women's editor through the front
door.
When told the reasoni for Miss Mc-
Lean's hesitation, Mr. Ludwig thought
he was being kidded. "No! It can't
be," he gasped. And when he saw
his guides were serious about it, he
said, half aloud, half to himself, "It
must be symbolic."
Demands Court
Appearance f
32 Defendants
DETROIT, Dec. 14. -O(P) -Judge
W. McKay Skillman prepared to take
steps today to keep the 32 defendants
in the court room during progress
of the recount fraud vote-stealing
trial in recorder's court.
The trial came to a mandatory halt
Friday when two defendants, William
J. Wilson and Lester Currier, were
not present. Wilson was at his hotel,
ill, while Currier had reported for
work in an automobile body factory
when told a position was open for
him.
Judge Skillman was to ask Currier
for an explanation today. Several
days ago he warned defendants and
attorneys that he might raise the
amount of bond on defendants if they
did not appear in court.
Representative Chester P. Edmun-
son (Dem.) of Manistee, testified Fri-
day that although no one had been
authorized to employ anyone, be-
tween 60 and 70 persons were ready
to go to work last Dec. 27 when the
five-man legislative recount commit-
tee came to Detroit from Lansing.
The recount, in which the stte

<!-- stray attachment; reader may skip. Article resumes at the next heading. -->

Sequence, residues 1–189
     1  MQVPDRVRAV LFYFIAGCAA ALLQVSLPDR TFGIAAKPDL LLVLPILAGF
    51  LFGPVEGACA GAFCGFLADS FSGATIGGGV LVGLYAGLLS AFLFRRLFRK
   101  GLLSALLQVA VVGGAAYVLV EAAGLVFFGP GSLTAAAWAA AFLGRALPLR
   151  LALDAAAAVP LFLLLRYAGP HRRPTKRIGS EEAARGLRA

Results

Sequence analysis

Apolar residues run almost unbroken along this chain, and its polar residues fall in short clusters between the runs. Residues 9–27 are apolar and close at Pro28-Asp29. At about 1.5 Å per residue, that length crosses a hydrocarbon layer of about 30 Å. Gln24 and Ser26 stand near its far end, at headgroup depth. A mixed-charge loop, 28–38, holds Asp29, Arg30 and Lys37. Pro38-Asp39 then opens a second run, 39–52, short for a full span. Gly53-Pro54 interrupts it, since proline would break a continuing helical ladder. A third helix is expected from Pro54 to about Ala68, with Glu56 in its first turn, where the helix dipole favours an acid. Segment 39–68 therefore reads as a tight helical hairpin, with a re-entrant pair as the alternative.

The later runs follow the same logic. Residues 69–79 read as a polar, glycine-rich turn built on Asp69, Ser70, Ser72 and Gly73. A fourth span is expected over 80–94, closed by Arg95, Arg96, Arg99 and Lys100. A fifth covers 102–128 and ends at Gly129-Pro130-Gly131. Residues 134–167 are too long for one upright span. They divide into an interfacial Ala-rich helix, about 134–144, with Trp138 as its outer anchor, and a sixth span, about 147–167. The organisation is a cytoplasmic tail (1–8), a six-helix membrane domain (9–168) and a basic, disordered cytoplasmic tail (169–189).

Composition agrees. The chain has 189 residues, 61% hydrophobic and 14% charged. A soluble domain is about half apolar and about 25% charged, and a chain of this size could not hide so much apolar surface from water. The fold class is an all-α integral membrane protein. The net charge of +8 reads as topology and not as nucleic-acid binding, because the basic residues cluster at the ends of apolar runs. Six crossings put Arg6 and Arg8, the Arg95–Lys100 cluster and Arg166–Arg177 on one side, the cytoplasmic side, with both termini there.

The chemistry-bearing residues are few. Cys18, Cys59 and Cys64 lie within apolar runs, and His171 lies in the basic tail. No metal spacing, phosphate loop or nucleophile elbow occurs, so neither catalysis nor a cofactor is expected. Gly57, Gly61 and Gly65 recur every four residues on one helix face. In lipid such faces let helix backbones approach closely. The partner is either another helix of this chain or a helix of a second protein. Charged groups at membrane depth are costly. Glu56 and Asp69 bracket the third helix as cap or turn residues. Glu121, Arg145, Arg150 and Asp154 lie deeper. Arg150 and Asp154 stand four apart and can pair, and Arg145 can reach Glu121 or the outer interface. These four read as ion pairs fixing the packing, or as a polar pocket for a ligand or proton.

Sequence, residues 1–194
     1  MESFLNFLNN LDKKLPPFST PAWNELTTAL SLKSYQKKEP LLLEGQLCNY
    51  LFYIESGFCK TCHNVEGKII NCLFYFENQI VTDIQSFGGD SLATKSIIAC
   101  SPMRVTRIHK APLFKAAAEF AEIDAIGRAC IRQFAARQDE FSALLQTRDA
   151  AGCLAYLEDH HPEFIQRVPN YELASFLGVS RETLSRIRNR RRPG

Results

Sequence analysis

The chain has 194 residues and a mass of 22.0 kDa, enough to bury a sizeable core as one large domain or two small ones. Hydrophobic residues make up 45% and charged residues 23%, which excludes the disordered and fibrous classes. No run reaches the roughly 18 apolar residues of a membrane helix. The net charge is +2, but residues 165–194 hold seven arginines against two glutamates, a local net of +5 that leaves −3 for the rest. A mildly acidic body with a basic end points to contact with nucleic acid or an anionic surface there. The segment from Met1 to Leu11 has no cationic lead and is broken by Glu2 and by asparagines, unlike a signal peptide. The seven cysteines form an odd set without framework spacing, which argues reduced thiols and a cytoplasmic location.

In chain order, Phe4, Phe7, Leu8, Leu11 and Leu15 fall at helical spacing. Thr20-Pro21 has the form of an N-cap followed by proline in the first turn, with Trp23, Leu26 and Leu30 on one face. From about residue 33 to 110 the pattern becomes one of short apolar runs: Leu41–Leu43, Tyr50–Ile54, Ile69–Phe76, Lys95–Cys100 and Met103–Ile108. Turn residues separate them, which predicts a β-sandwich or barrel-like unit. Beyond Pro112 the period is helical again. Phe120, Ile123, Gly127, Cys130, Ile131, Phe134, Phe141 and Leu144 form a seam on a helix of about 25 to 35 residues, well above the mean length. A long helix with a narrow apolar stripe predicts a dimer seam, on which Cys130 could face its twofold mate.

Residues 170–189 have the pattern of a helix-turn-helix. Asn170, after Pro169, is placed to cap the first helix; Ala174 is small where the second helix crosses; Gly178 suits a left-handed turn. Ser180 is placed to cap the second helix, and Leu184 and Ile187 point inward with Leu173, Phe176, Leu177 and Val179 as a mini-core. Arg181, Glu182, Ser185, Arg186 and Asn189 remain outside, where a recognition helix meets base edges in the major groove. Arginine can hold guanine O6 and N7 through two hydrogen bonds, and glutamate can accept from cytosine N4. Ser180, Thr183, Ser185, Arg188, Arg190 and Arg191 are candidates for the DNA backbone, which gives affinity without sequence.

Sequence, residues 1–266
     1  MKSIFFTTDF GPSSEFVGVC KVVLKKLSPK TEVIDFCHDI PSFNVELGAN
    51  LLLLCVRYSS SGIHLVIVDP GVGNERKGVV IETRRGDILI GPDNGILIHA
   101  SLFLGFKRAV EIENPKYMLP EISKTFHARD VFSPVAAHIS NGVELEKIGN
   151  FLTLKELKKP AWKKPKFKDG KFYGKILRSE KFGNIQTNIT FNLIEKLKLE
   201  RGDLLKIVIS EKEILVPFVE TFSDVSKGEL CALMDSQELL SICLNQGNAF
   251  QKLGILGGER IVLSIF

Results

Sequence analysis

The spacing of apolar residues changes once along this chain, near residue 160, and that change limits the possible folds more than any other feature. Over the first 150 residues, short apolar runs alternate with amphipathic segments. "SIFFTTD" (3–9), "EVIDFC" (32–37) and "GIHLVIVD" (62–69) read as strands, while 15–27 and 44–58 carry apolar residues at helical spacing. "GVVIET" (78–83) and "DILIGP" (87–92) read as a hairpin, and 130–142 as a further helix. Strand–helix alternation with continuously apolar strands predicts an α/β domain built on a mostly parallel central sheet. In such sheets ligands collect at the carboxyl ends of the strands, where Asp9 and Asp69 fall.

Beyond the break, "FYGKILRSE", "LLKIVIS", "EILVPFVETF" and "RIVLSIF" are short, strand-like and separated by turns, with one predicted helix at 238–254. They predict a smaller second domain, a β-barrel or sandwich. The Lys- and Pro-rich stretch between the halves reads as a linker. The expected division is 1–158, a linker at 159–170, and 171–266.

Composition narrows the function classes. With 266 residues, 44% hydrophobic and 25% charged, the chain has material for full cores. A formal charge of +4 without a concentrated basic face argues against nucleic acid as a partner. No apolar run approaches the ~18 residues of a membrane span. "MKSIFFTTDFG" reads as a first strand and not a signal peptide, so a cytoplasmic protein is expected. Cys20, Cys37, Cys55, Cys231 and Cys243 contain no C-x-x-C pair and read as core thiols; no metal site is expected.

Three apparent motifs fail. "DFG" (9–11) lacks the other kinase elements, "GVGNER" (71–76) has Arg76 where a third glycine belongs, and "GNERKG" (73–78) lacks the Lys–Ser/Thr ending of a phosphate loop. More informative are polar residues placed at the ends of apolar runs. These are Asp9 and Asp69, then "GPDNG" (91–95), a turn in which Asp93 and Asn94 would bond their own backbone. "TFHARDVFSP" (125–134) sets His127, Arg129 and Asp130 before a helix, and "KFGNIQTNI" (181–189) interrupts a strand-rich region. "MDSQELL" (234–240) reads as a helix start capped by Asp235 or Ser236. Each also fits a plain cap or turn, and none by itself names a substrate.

charges an attempt was made to
"count in" Democratic candidates
over Republicans, later was declared
void by the state supreme court.
hi ddesinHllAdtoim.Te

Saturday classes have had no no-
ticeable effect on freshman grades,
as far as could be determined by
Prof. Phillip E. Bursley, director of
Orientation, who announced recently
that while freshman grade reports
had been more complete this year
than ever before, the general average
showed no marked variation either
upward or downward from previous
years.
The only way na which the topic
of Saturday classes had entered into
the reports in any way, he said, was
in the comment of one professor to
the effect that a freshman had the
"Saturday habit' in bolting classes.
Professor Bursley further com-
miented that, had there been any
marked change in grades as a result
of Saturday classes, it would not have
been as apparent in the freshman
grades, since the new students had
in no way been "exposed" to any
other system than that of compul-
sory Saturday couises..
On the subject of bolts, no effort
has been made to secure data on the
relative attendance at the Saturday
meetings and at meetings during the
rest of the week. Prof. Wilber M.
Humphreys, assistant dean of the
literary college, to whose office re-
ports of excessive absences are made,
said that no such distinction had
been made in recording the reports,
and that in most cases the profes-
sors had not even mentioned the
dates of the "cuts."
Saturday sections need not meet
Dec. 21 because of the Regents' rul-
ing to the effect that the University
will close Friday night, Dec. 20, ac-
cording to Prof. Daniel L. Rich, sec-
retary of the faculty of the literary
college. Professor Rich stated that
the University Council had sent the